Alexander Zhu, a second-year osteopathic medical student at DMU, says he “never wants to be content with medicine as it is today.” That’s why he’s passionate about translational research, which applies scientific discoveries to enhance health and well-being.
His scientific pursuits are why the American Association of Colleges of Osteopathic Medicine (AACOM) Council of Osteopathic Student Government Presidents (COSGP) in February awarded him a National Student Researcher of the Year honorable mention. COSGP serves as the official national representative voting voice of all osteopathic medical students.
Zhu got engaged in research as an undergraduate at the University of California-Los Angeles, where he majored in integrated biology and physiology. He then worked as a surgical technician for two vascular surgeons who became his mentors.
“They were able to apply what they were learning in the laboratory to the next patient they’d see,” he says. “Being able to see the fruits of their [research] labors was rewarding. I want to be a physician who applies groundbreaking research into my practice.”
The opportunity to conduct research was one reason Zhu enrolled at DMU. He and Sarah Clayton, Ph.D., assistant professor of physiology and pharmacology, researched ways estrogen affects the cardiovascular system. This group of hormones helps protect the heart by modulating the renin-angiotensin system (RAS); specifically, Zhu and Clayton explored estrogen’s impact on two proteins in the RAS that counter high blood pressure, a high-risk health condition that affects one of every three adults in America.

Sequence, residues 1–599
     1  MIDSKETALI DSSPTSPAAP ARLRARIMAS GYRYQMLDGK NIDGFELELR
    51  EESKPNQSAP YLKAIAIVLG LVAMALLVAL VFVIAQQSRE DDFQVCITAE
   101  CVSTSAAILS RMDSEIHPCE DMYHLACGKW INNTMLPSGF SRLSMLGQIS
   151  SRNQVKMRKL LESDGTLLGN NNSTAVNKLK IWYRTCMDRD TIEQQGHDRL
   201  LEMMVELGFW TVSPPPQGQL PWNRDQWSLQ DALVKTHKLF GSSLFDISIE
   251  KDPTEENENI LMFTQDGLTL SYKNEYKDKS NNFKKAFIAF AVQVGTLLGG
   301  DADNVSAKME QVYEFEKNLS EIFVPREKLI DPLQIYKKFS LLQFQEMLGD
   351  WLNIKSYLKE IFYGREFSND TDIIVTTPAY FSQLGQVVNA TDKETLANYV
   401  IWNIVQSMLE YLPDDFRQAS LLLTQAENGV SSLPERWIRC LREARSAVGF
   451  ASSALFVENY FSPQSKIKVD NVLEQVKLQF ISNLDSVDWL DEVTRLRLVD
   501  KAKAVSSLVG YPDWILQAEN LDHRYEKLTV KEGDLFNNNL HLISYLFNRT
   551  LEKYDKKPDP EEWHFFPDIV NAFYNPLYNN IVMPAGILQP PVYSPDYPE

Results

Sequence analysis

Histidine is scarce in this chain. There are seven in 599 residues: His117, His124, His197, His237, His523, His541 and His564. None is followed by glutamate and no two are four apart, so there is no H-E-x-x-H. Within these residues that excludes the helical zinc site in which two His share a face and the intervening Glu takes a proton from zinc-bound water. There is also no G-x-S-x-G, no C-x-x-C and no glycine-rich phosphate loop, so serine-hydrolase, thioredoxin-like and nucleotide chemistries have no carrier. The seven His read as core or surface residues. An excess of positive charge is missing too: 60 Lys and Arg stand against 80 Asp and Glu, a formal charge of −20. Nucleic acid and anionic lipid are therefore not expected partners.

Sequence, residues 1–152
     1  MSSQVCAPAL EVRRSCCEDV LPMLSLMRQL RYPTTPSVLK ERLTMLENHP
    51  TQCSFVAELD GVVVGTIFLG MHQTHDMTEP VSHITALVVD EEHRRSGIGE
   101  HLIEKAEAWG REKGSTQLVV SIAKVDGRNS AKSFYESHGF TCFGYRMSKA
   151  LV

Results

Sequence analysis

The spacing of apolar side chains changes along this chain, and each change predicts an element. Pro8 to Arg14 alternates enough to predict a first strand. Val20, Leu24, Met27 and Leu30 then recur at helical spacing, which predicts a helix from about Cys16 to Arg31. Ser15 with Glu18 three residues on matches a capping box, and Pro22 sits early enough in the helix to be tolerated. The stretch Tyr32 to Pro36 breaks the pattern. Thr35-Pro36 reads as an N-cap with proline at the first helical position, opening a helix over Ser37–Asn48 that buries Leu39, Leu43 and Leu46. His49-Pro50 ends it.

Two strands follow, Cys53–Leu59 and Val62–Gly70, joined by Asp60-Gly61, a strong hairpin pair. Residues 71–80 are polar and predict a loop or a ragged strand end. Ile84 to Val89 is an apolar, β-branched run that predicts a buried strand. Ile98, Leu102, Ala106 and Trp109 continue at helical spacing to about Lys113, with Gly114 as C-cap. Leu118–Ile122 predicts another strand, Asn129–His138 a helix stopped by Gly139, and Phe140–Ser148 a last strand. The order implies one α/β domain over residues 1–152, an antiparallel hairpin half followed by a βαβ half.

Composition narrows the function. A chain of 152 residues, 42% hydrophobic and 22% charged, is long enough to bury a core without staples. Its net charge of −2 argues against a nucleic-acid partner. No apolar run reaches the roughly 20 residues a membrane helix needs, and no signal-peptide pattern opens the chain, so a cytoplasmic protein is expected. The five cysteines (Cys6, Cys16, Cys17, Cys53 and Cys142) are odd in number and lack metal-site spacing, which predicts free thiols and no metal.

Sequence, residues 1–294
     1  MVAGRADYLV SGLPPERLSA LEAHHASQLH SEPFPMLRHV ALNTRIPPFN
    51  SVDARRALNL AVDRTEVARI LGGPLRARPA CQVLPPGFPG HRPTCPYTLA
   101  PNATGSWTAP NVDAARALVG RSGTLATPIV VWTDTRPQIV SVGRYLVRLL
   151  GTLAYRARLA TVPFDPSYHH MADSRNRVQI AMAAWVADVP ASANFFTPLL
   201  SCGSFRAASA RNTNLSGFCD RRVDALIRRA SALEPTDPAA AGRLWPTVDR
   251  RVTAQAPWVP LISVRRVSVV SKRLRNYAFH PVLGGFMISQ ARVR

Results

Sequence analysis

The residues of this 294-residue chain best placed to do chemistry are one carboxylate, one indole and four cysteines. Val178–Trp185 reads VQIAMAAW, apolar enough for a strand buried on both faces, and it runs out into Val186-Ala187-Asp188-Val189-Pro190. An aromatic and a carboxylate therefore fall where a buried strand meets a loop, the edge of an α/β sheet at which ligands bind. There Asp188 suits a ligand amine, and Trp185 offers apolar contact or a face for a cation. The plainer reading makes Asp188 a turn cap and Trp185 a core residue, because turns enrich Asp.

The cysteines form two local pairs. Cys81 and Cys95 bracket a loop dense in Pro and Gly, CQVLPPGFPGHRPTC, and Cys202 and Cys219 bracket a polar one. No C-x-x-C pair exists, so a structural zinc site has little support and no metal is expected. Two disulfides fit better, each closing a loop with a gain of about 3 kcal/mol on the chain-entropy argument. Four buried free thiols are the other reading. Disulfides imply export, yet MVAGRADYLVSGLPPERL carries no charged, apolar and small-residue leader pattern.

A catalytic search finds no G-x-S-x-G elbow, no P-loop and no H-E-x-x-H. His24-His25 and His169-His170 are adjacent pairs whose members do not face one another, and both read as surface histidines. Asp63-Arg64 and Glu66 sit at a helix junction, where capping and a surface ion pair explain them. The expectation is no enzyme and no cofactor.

Zhu and Clayton presented a poster on their work, titled “Cardioprotective Estrogen Modulation of ACE2/MasR Gene Expression in the Anti-Hypertensive Renin-Angeiotensin System,” last December at the seventh annual DMU Research Symposium. He had already presented research, at the nation’s largest cardiology conference in Washington, DC, that he’d done in a Cedars-Sinai summer research internship, but he says the DMU symposium was a “whoa moment.”
“In DC, I was presenting to strangers. At DMU, I was presenting to my classmates and faculty,” he says. “It was a different type of pressure.”
Zhu has other manuscripts in the works, including one he recently submitted to the New England Journal of Medicine. He praises DMU’s friendly and supportive community, including his research supervisor, as well as its research opportunities.
“Dr. Clayton is a great mentor,” he says. “She pushed me to apply for the COSGP Student Researcher of the Year. She believed in me when I didn’t believe in myself.”